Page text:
- Shippo salutes Women’s History Month, established in 1987
- The percentage of venture capital deals with companies that include women as founders has doubled in the last decade
- In 2019 alone, $17.2 billion in venture capital had been raised by American-based, female founded startups
- Women control $14 trillion worth of wealth in the U.S.
March is Women’s History Month, and we’d like to take time to acknowledge the brave and insightful women through the ages, who forged ahead against all odds.
We also want to salute the women of today who are working to create a new future. Many of them are just starting out as entrepreneurs; others are raising millions of dollars to help other women realize their dreams of owning businesses.
Traditionally, women-owned businesses have received less attention and less funding than male-led startups. Fortunately, that fact is starting to change. Why? Businesses founded by women have been delivering, and are becoming more or more common in terms of VC investments.
The trend seems to be growing strong. The percentage of venture capital deals with companies that include women as founders has doubled in the last decade. According to Pitchbook, deals increased from 7.9% to 15.7% during the time of their study just last year.
Women Founders On the Rise
Yep, there is still a ways to go, but women founders have nevertheless come a long way. Over 11.6 million businesses are owned by women, according to statistics by American Express’ State of Women-Owned Businesses Report (2017). Firms owned by women (51% or more) make up 39% of all privately held companies, contributing 8% of employment and 4.2% of revenues.
We don’t need further proof that it’s still very much a man’s world in terms of this stuff—here is some backup: in the European Union, 92% of funds have been invested in startups founded by males.
Still, steps are moving in the right direction. An explanation for the spike in venture capital for women, according to the research, is the creation of several women-led funds, incubators for female founders, and a higher volume of female-led companies. The results were compiled from deal counts by state, industry and stage.
In 2019 alone, $17.2 billion in venture capital had been raised by American-based, female founded startups. That same year, more female-founded unicorns—which are tech companies passing a $1 billion valuation—were formed than ever before.
As far as female-founded unicorns go, the previous high was 15 in 2018, compared to 21 the following year. That means 14.8% of all unicorns starting up in 2019 were female-led.
Challenges in the Way
Those facing the biggest challenges finding venture capital: black and Latinx women. Black women make up 42% of new businesses owned by women, according to the American Express 2019 State of Women-Owned Businesses. Latinx women represent 31% of new female-owned businesses. That’s almost twice the percentage of their female population (17%). Of women seeking to raise equity financing, only 4% were black and 2% were Latinx, according to research by ProjectDiane. Yet the number of black female-founded startups receiving venture capital increased 2.5 times between 2016 and 2018.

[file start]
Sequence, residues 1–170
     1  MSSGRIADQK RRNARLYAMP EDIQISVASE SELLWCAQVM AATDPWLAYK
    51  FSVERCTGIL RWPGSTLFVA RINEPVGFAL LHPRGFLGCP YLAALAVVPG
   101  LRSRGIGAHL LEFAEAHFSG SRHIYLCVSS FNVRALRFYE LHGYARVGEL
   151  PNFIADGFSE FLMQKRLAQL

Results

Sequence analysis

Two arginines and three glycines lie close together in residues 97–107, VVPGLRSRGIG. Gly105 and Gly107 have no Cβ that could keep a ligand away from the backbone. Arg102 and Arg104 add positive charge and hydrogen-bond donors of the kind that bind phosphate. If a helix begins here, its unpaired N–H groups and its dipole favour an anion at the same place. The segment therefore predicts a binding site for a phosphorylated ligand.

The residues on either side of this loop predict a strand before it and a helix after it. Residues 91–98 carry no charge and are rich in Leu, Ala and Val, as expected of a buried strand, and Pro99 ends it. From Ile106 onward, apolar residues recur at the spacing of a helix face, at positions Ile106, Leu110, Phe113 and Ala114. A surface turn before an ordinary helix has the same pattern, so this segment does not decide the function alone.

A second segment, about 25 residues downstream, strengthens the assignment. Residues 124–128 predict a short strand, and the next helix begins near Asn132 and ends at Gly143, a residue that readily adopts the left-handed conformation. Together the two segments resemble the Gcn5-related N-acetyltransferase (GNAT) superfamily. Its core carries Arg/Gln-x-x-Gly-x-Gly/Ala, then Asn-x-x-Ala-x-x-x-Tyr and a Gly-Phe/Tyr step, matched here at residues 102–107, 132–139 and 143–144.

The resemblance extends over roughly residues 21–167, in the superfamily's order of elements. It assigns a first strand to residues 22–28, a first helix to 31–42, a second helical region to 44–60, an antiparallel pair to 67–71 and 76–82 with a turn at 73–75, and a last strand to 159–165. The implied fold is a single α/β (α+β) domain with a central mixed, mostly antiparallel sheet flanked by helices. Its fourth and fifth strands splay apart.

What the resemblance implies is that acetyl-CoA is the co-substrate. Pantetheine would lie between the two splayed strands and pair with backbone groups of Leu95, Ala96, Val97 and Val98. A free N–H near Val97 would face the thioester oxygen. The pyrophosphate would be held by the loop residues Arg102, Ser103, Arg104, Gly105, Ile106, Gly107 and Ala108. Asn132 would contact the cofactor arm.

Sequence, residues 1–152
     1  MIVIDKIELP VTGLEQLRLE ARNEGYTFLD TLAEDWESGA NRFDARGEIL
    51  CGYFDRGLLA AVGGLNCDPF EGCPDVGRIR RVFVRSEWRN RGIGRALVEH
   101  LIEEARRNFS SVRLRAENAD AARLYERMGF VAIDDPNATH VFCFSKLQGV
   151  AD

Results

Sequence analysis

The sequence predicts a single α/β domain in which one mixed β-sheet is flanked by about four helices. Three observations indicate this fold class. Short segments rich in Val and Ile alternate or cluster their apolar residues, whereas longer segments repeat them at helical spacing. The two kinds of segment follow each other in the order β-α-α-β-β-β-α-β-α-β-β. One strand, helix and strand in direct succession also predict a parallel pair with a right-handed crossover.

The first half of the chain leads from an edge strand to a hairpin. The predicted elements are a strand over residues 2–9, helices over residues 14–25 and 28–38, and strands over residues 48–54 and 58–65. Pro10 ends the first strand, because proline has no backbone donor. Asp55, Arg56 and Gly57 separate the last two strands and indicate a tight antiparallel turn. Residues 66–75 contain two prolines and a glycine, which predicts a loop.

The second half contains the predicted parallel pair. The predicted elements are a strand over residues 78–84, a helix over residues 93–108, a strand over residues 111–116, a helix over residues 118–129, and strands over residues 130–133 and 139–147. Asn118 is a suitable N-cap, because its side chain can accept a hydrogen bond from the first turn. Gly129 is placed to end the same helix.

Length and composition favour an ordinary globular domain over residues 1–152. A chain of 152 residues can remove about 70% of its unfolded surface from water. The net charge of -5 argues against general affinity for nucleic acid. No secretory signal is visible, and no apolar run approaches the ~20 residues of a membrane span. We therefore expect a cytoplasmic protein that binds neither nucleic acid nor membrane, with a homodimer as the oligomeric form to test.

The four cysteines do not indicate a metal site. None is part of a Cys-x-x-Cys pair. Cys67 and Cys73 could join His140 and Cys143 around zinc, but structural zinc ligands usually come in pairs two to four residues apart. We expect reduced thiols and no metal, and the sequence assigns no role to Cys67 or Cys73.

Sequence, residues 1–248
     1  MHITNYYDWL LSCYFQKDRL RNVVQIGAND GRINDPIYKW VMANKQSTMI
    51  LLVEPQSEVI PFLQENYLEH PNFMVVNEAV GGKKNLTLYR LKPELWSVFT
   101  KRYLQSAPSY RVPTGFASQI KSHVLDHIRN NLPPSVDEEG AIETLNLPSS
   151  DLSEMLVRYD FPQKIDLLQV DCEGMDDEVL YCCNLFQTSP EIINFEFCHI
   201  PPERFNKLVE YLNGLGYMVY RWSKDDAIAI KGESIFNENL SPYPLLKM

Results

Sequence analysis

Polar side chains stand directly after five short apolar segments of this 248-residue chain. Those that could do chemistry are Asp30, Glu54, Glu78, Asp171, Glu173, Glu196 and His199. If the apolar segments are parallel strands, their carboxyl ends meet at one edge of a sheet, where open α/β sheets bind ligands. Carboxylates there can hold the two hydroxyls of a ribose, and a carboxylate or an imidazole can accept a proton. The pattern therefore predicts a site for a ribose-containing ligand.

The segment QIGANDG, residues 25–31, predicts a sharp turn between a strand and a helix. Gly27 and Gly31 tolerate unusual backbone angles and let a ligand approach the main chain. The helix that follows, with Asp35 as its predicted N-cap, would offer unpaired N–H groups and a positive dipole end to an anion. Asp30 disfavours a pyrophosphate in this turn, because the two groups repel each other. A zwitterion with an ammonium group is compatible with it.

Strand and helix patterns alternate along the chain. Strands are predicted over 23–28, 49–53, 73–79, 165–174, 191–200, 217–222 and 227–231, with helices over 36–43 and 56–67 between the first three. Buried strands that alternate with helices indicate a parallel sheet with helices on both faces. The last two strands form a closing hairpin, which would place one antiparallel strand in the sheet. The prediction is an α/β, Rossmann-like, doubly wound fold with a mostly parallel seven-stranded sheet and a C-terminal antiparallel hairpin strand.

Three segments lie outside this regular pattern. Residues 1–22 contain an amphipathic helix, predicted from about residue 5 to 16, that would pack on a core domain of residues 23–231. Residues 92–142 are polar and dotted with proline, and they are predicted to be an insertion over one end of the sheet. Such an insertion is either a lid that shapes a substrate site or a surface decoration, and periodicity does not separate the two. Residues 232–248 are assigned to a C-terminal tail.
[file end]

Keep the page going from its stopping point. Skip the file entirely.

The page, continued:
“You need diversity funds like ourselves to get this market anywhere close to parity,” Harlem Capital managing partner Jarrid Tingle recently told TechCrunch.
How do female founders measure up to male founders? According to the Ten Year, First Round Project, companies with a female founder performed 63% better than investments with all-male founding teams. In fact, the research indicates that businesses founded by women deliver twice as much per dollar invested than male-founded businesses.
Female-founded venture firms are increasingly starting large funds:
- Mary Meeker raised $1.25B for Bond Capital, her debut fund
- Five years after co-founding Aspect Ventures, Theresia Gouw’s new firm, Acrew Capital, raised $250 million for a new fund
- Alexa von Tobel, founder of LearnVest, and Penny Pritzker, former US Secretary of Commerce and billionaire heiress have raised $200 million for their venture firm Inspired Capital
Here’s one more “big-picture” fact to put women’s venture capital role in perspective: New York Life Investment reports that women control a good amount of wealth in the United States: $14 trillion. They also control 70-80% of all consumer purchases, but they invest 40% less than men.
Three ways women entrepreneurs can approach venture capital opportunities
When positioning yourself for growth, consider these points:
1. Venture capitalists with a track record in funding women-headed ventures
See our list below.
2. Venture capitalists run by family offices
Many affluent families look for meaningful ways to invest that align with their values. They may consider a female-founded venture.
The JOBS Act, passed in 2012, has made investment crowdfunding a reality for many entrepreneurs who may have otherwise not had access to startup capital. Crowdfunding helps private companies raise funding. Study up on how you can use the regulations to form a company that can access crowd financing.
Female-Founded Venture Capitalist Funds To Know
And with that, best of luck to all hard-working and aspiring women entrepreneurs.
Editor’s note: As March rolls on, we are here to support growing businesses of all stripes. Shippo is fully operational during these challenging times, so please reach out with any questions.